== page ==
You’re Asking the Wrong Questions:

3 Steps to a Value Proposition

Published: August 4, 2015

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There’s no doubt about it: business to business sales can be complicated and often overwhelming. Sales teams have a huge amount of data and information available to them, but very little time to funnel through all of it to find something meaningful to communicate to the customer.

A collaborative approach to sales is not new. Sales teams know that they should be collaborating and interacting with their clients in a helpful manner while simultaneously providing new solutions and insight to help customers grow their businesses. The question is often not if a team should be providing a collaborative way to solve problems, but how.

“What numbers do you need from me to get started?”

I’m asked this question several times a week by sales and marketing teams. My response is always, “None. Don’t give me numbers.” The question represents a misunderstanding of value selling, because numbers are, actually, the last thing you need.

Starting a sales presentation with numbers is like building a house without a blueprint: you have no vision, no goal, no strategy! (Click here to tweet this.) Before we begin “plugging in numbers,” we have to understand exactly what it is we’re proposing.

Step 1: Understand the Problem

In order to create a compelling business case based on value, you must understand exactly what the value is that your customer will get from the solution. It is critical to understand the following:

1. What does the customer perceive to be the problem? Does the customer see a problem?

To provide an effective solution, it is critical to understand the problems as the customer sees them. Maybe your customer isn’t even aware that there is a problem yet. A truly collaborative partner will help the customer understand the problem and how it affects their business.

2. Who is impacted by the problem?

Is this an issue that impacts the entire company? Perhaps it is only IT or the salesforce who is struggling with this problem. Maybe it’s a security issue which keeps the CIO up at night, while 99% of the company is blissfully unaware of the risk.

3. What is causing the problem?

Is this a problem that can be solved with a simple patch, or does this problem require creating an entire new solution? Is human error a factor, or is it all about IT configuration? How do these causes interact, and how will the solution work to mitigate these issues?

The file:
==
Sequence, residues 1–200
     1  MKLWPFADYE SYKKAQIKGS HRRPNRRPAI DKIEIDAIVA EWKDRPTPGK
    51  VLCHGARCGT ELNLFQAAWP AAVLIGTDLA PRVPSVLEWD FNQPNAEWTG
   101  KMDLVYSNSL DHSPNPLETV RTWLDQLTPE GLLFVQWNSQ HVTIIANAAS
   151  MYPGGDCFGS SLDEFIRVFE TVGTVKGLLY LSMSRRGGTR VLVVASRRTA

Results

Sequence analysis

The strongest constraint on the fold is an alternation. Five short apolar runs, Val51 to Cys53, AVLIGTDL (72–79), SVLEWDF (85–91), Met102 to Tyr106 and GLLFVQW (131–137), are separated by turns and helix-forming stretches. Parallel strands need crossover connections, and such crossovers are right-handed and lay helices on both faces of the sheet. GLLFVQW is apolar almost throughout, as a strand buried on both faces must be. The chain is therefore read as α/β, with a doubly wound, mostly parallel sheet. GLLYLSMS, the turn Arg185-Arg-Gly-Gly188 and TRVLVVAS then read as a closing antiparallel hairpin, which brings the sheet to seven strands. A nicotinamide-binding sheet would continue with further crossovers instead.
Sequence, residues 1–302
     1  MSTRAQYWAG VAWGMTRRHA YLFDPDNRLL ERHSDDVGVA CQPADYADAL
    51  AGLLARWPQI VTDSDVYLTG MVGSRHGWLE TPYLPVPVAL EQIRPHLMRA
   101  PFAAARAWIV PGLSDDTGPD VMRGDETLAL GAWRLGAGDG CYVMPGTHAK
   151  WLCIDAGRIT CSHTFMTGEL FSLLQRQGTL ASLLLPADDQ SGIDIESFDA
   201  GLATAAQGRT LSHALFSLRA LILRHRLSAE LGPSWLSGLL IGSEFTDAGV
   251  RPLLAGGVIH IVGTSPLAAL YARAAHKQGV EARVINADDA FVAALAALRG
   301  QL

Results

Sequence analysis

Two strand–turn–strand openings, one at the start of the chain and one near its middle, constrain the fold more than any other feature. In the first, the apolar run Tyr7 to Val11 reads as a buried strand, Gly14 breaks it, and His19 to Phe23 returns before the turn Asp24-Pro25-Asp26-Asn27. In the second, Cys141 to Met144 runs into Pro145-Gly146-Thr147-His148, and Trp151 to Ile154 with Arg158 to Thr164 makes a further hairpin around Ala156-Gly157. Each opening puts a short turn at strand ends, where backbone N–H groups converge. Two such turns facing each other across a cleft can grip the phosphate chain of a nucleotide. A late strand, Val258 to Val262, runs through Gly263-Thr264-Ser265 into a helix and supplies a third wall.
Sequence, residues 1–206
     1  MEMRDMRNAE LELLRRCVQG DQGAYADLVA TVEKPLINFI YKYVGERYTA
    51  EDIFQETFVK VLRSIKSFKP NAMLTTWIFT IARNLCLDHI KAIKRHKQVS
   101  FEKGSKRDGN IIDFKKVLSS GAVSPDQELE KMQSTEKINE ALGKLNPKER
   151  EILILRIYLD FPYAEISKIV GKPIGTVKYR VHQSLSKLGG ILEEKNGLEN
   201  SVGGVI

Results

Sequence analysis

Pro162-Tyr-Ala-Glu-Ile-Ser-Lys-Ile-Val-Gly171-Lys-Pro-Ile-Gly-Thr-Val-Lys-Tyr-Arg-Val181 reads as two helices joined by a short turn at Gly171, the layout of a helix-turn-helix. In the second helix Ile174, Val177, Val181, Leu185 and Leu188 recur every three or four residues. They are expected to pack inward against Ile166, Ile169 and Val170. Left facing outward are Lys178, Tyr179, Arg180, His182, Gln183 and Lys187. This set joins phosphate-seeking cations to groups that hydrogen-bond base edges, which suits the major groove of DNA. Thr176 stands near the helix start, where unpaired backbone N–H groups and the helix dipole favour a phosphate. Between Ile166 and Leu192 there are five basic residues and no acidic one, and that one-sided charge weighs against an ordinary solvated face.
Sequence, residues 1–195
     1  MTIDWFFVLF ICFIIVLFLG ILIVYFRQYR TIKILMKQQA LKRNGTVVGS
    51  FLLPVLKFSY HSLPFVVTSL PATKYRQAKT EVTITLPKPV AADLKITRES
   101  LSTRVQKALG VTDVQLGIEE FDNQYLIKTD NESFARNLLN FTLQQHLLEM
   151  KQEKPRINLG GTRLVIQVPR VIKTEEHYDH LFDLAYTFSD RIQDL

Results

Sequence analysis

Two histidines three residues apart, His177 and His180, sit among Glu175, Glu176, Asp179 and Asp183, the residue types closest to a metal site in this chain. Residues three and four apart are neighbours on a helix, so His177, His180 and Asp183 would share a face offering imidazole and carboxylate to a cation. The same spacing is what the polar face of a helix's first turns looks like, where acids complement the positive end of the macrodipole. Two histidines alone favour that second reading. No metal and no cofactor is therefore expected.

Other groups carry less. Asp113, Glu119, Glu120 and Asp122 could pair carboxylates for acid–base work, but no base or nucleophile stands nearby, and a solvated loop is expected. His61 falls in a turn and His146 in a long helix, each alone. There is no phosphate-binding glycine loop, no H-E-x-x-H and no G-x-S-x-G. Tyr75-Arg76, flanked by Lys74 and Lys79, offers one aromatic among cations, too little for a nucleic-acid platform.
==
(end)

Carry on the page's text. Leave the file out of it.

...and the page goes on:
4. Who are the decision makers, and how do they view the problem?

CEB research states that 5.4 stakeholders are involved in a B2B decision. Who are your stakeholders, and what do they care about? An IT admin might readily understand your solution and how it can make his or her life easier, but does that matter to the VP with the decision to veto the purchase? Be sure to align your proposal to the value that each stakeholder is looking for.

Step 2: Understand How Your Solution Will Solve the Problem

Now that you understand your customer’s pain points, it is crucial to understand exactly how this solution will alleviate your customer’s headaches.

1. What will it impact?

Is this solution going to improve employee productivity? Whose? How? How will this solution impact the customer’s top line and bottom line? How will it accomplish this?

2. How will the customer use this solution?

For every solution a sales team can provide, there are as many ways to utilize a solution as there are customers purchasing it. Software that one company may use to create a central hub for marketing content may be utilized by another company for internal facing documents. The best way to ensure that your value based business case will be high impact is to understand exactly how your customer envisions using the solution and tailor your calculations accordingly.

3. How do you translate the solution into value?

Once upon a time, it was possible to make a business proposal based on features and benefits. Today, the innovative sales member will translate features and benefits into value that anyone in an organization can understand. Each problem should be translated into a benefit.

Step 3: Craft Your Value Based Business Case

Now that you understand your customer’s problem and how you can help solve it, it’s time to begin building calculations to capture the value. A truly high impact business case will be clear, transparent, and able to speak to the value of a solution without anyone to translate.

Now that you have a clear framework for your value proposition, you can start working with the numbers.

 

About the Author

Michele Harrison

Michele Harrison

Michele is a Value Consultant at Ecosystems. Her background includes studying Anthropology, several years abroad in China and Kenya, and working as a graduate assistant for an IT strategy course. Michele’s diverse combination of international exposure, business training, and countless hours of IT strategy discussions position her with unique insight to effectively quantify value in a variety of industries. She has an MBA in marketing, supply chain and strategy from Penn State University.

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